As described above, Compounds Examples 1-10 of FIG. 12 were synthesized by referring to the documents. The molecular structures of the thus obtained compounds were identified by means of a mass spectrometer, NMR, or the like. As to the materials shown in Table 6 below of the compounds, light emission characteristics by photoexcitation was measured. The light emission spectrum was measured using Hitachi F4500 fluorescence spectrophotometer (excitation wavelength: 380-450 nm).

Further, the light emission lifetime was measured using model C4334 Streakscope manufactured by Hamamatsu Photonics Co. with a nitrogen laser light of wavelength 337.1 nm as an excitation light. All the measurements were carried out in a powder state. Moreover, the light emission spectrum was measured also for 5% by weight dispersion liquid of the compound in polymethyl methacrylate (PMMA) to obtain substantially the same spectrum as that for the compound powder.

TABLE 6
Light Emission Light Emission
Compound Example Spectrum Peak Lifetime
No. λmax (nm) τ (msec)
1 625 1
2 645 2.7
3 650 0.8
4 507 21.2
5 539 18.3
6 575 15
8 520 15
9 640
10 591 1.7

As a result, each compound example provided a strong light emission in the solid state.

EXAMPLES

In the following, the present invention will be further described by examples, but the present invention is not limited to such examples.

Example 1

An organic EL device was produced using Compound Example 4 as a light emitting material.

A device of a constitution having a single organic layer was produced. After forming an ITO film in a thickness of 100 nm on a glass substrate, the film was patterned such that each opposing area of upper and lower electrodes becomes 3 mm2. Then, the following solution was prepared and applied by spin coating to the thus prepared ITO substrate.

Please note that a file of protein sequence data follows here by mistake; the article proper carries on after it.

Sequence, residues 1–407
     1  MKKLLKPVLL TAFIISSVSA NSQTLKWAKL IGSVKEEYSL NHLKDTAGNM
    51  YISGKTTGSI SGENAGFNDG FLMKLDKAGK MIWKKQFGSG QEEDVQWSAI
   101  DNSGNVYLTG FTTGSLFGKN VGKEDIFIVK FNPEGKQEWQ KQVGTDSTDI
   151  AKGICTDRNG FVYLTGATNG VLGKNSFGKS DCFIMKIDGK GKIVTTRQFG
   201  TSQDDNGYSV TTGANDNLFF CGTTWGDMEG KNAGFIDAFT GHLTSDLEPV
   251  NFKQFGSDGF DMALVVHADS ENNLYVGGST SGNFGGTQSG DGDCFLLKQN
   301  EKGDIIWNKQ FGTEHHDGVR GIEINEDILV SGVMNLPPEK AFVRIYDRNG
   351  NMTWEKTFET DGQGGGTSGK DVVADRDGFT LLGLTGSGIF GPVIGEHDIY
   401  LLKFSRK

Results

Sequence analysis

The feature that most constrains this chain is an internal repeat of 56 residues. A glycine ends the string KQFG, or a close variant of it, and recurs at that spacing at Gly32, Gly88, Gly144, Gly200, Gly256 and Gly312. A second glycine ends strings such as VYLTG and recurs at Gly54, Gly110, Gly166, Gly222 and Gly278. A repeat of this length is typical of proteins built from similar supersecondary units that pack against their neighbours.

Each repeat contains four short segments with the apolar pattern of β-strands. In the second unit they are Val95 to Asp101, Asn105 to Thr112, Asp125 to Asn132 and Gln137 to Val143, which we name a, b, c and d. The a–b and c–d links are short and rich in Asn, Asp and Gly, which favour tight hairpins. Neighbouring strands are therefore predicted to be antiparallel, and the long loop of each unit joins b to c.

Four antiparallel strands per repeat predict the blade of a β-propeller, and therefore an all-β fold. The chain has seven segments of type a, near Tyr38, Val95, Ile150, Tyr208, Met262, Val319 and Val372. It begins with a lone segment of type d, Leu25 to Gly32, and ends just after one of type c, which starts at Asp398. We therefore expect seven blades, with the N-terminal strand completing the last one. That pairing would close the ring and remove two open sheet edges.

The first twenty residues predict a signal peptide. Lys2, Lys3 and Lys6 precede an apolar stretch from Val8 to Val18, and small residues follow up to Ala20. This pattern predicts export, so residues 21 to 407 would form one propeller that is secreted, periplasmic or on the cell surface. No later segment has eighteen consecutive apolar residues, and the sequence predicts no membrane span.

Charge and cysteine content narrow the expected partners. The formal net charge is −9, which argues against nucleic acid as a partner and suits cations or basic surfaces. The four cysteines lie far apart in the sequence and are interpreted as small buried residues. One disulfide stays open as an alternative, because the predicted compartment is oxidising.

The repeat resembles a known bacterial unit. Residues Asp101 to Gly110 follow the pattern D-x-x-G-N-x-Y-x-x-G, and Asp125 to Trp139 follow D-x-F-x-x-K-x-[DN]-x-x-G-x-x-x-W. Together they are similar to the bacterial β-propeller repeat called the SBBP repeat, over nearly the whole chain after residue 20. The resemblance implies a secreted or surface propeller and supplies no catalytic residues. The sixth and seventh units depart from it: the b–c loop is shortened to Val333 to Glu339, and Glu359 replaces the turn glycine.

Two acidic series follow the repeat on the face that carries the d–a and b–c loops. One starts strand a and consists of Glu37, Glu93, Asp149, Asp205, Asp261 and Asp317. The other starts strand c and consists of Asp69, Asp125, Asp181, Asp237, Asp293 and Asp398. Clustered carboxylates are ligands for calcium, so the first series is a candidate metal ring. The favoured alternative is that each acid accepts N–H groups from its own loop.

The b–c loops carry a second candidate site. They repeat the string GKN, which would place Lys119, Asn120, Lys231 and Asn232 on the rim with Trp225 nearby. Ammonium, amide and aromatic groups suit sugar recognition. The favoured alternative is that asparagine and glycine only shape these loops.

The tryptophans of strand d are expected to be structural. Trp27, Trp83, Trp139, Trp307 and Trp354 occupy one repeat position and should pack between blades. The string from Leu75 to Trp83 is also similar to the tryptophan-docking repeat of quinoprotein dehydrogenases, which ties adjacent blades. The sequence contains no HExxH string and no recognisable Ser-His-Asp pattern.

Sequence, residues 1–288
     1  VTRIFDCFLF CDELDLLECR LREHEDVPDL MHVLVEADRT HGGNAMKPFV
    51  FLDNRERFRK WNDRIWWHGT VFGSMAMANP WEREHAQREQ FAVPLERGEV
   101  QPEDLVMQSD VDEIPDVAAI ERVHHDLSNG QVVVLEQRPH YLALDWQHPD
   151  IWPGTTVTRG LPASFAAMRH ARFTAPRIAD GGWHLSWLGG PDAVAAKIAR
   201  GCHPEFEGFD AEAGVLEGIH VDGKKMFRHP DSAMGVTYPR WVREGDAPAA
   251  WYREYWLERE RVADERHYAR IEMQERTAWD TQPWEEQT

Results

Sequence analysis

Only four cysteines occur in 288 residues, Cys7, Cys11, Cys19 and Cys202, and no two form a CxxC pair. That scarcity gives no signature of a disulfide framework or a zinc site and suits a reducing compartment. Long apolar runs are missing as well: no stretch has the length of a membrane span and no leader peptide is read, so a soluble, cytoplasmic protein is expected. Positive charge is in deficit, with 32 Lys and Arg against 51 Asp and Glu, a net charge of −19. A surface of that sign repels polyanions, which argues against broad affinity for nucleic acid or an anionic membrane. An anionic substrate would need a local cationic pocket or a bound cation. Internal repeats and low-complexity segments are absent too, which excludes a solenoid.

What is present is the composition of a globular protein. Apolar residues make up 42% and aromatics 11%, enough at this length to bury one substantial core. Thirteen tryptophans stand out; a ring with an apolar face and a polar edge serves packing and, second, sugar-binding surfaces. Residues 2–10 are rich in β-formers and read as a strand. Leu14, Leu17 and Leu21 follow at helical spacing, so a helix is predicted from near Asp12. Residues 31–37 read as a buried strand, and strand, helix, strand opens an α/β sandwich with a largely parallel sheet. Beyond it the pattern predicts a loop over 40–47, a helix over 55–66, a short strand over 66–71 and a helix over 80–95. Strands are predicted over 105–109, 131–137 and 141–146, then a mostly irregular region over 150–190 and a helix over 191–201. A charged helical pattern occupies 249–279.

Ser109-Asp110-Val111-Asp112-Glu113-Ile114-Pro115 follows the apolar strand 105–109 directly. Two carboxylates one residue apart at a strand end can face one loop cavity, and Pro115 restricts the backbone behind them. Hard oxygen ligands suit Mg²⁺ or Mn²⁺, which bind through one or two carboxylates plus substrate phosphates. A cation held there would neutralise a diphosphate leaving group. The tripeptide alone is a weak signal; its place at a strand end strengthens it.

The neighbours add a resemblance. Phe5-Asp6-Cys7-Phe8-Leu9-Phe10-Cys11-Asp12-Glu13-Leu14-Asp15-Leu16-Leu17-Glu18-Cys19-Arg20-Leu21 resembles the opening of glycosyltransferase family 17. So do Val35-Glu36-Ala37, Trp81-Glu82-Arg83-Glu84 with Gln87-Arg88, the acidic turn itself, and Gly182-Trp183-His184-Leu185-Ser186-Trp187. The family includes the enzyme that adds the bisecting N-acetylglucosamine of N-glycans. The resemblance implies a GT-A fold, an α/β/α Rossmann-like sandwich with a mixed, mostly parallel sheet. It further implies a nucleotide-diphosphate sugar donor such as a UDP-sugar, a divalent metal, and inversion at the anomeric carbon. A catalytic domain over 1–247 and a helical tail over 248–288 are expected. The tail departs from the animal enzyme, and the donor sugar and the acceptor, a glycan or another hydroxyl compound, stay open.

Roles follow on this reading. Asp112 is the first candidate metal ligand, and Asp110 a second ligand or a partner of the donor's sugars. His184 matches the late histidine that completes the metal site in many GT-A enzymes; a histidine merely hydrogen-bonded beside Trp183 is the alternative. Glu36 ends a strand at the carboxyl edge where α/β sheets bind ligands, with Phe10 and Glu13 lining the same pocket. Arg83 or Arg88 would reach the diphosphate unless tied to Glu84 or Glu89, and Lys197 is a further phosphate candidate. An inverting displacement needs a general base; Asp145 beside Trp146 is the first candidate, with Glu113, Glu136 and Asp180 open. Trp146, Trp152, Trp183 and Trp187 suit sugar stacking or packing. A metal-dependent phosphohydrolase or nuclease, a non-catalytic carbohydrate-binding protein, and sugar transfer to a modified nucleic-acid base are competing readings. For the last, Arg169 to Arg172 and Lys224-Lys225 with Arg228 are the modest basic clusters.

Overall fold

(Solution)

  • Chlorobenzene: 10 g;
  • Polyvinyl carbazole (Average molecular weight: 9600): 100 mg; and
  • Compound Example 4: 3.0 mg

By performing spin coating using this solution at 2000 rpm for 20 seconds in a nitrogen atmosphere, an organic film of 120 nm in thickness could be obtained. After the film formation, the substrate was put in a vacuum vapor deposition chamber and a cathode of the following constitution was formed.

(Cathode)

  • Metal electrode layer 1 (15 nm): Al—Li alloy (Li content: 1.8% by weight); and
  • Metal electrode layer 2 (100 nm): Al

Then, a DC voltage was applied to the device with the Al electrode being a cathode and the ITO electrode being an anode to evaluate the device characteristics.

A result of measurement of the current-voltage characteristics showed that the device of this example prepared using Compound Example 4 had a good rectifying property. The light emission spectrum was measured with a spectrometer SR1 manufactured by TOPCON CORP. As is seen from the result shown in FIG. 14, the light emission spectrum peak is 545 nm, which is longer by about 40 nm than the PL (photoluminescence) spectrum peaks of the powder sample and the in-PMMA dispersed sample. The color of the emitted light was yellowish green by visual observation and stable light emission was maintained during continuous current passing for 200 hours. The light emission efficiency under application of a voltage of 10 V was calculated to be 0.5 lm/W.

Example 2

An organic EL device was produced following the same procedure as in Example 1, with the exception that Compound Example 1 was used as a light emitting material in place of Compound Example 4 used in Example 1. In this example, the light emission spectrum peak was 650 nm and a light emission of red color was observed. Stable light emission was maintained during continuous current passing for 200 hours.

Example 3